Pedro Luis Raota (1934-1986) was an Argentinian photographer.
At a young age he sold his bicycle to buy a camera, determined to learn the art of photography. He quickly took up portrait photography in Santa Fe de la Vera Cruz and later moved to Villaguary where he enthusiastically set up his own studio. Since his first recognition in 1958, he won over 150 international awards and honors for his exceptional work in the humanitarian genre.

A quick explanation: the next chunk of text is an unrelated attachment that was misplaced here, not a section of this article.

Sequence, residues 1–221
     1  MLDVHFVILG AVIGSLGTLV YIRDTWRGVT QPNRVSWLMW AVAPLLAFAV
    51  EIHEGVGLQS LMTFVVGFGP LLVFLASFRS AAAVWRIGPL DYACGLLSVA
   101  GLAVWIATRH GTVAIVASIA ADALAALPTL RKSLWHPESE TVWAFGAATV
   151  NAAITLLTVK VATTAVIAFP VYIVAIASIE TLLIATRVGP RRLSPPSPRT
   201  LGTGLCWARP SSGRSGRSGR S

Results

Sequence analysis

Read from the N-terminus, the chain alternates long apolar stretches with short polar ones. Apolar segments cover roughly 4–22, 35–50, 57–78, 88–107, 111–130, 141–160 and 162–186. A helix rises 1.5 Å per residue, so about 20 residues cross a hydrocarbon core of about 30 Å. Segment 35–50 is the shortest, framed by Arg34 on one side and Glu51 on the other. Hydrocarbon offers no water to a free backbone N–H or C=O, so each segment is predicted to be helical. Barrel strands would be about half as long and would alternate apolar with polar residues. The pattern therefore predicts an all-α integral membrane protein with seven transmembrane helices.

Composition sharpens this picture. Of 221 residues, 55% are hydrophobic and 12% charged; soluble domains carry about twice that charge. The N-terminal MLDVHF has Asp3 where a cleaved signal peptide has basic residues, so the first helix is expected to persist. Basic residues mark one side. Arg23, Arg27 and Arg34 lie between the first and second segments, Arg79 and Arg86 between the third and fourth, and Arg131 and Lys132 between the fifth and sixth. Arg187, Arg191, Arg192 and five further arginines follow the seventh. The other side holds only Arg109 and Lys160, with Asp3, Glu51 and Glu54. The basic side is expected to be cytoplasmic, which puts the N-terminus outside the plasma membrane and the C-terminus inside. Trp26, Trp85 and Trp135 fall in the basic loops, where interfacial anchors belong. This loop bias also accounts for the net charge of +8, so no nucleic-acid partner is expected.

His photographs have been exhibited at the Museum of Modern Art in New York and are included in public and private collections around the world. Raota’s unique and memorable talent for capturing the depth of human spirit in his photographs has brought him comparisons to other legendary photographers. Like Dorothea Lange or W. Eugene Smith, this Argentinian master presents haunting portraits of a stricken humanity. Other photographs are filled with joy or comical confrontations, spontaneous “decisive moments” akin to Cartier-Bresson or Robert Doisneau. There is a rare focused intensity of spirit in nearly all Raota’s portraits, which has been compared to the work of Paul Strand. In the final analysis however, these extraordinary images step beyond comparisons to other photographers and stand apart as powerful masterpieces, unique and singularly moving.